Picture of Pastor Carlson

Sermon delivered September 19, 2009 by Pastor Paul Carlson

McDonald Road Seventh-day Adventist Church

McDonald, Tennessee

Biblical quotations are from the English Standard Version, ESV, unless otherwise noted. Divine pronouns and titles are capitalized.

Why the Demons Tremble

John 1:1,14

(RealAudio available)

Today as we take part in communion, we call it The Lord’s Supper, I’d like for us to remember one important thing.  The apostle Paul tells us in First Corinthians 11:26, “For as often as you eat this bread and drink this cup, you proclaim the Lord’s death until he comes.”  So as we take part in Communion we are proclaiming the Lord’s death.  So let’s do that and also remember that while we proclaim His death, Jesus’ death itself proclaims the wonderful character and love of God.  That was the whole purpose of Jesus’ life.  It was His mission.  Jesus glorified the Father.  He manifested God’s name and character to a world that was darkened by all the lies and misrepresentation of the devil. And the demons are still shuddering because of it.

Throughout His life, you see, day by day, Jesus showed how tremendously loving the Father is by loving everyone, even little children. He showed how incredibly patient God is by relating to people with great respect and dignity, even though He wasn’t treated very well Himself.  And then at the end of His amazing life there came this magnificent display of God’s character.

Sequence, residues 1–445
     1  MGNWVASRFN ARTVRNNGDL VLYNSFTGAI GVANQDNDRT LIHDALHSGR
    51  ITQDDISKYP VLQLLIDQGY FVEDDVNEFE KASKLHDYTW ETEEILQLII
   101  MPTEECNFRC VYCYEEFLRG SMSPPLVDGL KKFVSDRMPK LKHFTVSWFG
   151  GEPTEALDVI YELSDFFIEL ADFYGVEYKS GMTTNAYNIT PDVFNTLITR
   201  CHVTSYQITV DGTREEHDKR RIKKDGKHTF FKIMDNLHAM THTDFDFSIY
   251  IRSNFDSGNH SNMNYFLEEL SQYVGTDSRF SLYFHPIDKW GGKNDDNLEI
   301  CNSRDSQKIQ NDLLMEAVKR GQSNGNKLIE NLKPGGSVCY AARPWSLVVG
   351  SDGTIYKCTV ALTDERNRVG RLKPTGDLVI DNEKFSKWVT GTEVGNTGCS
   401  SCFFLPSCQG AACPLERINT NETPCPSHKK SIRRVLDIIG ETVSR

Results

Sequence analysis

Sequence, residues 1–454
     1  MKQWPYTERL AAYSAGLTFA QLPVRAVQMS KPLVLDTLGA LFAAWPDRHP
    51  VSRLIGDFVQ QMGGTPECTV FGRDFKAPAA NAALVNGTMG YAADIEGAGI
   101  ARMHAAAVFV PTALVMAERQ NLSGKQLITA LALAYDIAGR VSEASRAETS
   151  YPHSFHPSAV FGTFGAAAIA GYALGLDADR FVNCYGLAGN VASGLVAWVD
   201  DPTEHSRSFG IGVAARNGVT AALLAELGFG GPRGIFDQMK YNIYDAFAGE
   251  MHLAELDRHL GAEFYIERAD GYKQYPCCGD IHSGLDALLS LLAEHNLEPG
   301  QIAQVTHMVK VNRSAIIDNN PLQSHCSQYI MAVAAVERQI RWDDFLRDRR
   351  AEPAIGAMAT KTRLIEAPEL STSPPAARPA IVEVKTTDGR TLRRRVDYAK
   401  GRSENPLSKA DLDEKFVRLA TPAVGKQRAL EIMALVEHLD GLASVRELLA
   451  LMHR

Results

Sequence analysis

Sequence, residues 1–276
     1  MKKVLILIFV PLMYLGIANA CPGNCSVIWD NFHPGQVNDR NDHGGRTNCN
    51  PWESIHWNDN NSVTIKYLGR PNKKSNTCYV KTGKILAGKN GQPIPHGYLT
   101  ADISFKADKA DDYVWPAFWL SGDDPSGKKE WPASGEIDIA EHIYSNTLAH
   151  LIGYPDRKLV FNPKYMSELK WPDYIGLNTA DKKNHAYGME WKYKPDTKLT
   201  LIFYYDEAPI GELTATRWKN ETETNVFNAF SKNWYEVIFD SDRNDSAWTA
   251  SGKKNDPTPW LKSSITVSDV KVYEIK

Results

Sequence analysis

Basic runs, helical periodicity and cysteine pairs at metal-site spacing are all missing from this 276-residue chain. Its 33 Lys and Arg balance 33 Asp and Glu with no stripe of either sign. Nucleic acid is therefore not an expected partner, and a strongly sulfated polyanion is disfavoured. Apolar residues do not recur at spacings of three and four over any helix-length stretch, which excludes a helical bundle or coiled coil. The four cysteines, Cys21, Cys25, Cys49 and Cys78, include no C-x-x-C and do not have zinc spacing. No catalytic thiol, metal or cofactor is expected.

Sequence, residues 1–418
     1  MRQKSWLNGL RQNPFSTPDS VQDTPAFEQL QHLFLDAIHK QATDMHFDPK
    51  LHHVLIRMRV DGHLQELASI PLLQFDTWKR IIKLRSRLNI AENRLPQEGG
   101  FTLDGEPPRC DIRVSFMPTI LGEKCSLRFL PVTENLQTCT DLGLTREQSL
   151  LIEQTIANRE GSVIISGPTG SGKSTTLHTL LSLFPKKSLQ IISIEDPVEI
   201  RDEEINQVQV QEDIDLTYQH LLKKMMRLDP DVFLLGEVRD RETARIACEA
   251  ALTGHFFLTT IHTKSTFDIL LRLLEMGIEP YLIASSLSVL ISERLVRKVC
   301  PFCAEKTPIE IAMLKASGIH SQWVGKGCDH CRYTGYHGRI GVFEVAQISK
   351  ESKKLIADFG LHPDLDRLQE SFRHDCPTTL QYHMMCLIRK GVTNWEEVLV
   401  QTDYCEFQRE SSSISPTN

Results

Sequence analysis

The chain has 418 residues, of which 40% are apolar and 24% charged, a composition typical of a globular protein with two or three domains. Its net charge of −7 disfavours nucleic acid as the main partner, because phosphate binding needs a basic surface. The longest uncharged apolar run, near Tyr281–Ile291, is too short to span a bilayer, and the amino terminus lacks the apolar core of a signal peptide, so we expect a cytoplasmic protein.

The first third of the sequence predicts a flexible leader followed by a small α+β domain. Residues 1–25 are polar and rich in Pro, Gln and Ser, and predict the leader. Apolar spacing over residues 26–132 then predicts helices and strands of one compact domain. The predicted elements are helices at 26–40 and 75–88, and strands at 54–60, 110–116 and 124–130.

Do you remember that on the night that Jesus was arrested that He was tried illegally? Do you remember the part about Him being falsely accused? Do you remember how He was grossly insulted? But do you remember Him ever getting angry?  Do you?  No. Not once did He become angry.  Jesus was horribly beaten twice that night and allowed no sleep, no food. But do you recall Him ever becoming irritated and annoyed with those who mistreated Him?  Do you?  No.  It didn’t happen.

The scripture tells us that they made a sport out of hitting His wounded head.  Let me ask you?  How would you have felt? They mocked the story of His mysterious birth, insulting Him as illegitimate. And can you imagine how you would feel with someone, many people, spitting in your face? Would you take it quietly, without a word? But through all of this, did Jesus’ patience ever run out? Did he become angry in response, in retaliation for his tormentors? Never.  Never did.  Not once.  Oh, to see the God-like calm composure in His bearing, and yet the kindness.  Even as they nailed Him to the cross, He said, ”Father, forgive them for they know not what they do.”

Now, wouldn’t you think that if Jesus asked the Father to forgive those who were torturing Him, that He had already forgiven them Himself?  And yet none of them asked for that. And no one stood between them and Jesus, pleading with Jesus to forgive them.  Jesus forgave them anyway. And according to John 1, as we have just read in the scripture, Jesus has not only been with God from the beginning, He was God, Himself.

Now remember that Jesus told His disciples, it’s in John 16, verses 26 and 27, that there is no need for Jesus to pray to the Father for us, because the Father loves us Himself.  That is, He’s just as loving as the Son. And it would follow that He is just as forgiving as the Son.  So wouldn’t that mean that if the Father had been hanging there instead of Jesus, on that cross, He would have been just as ready to forgive His tormentors as was His Son, even though no one interceded for them?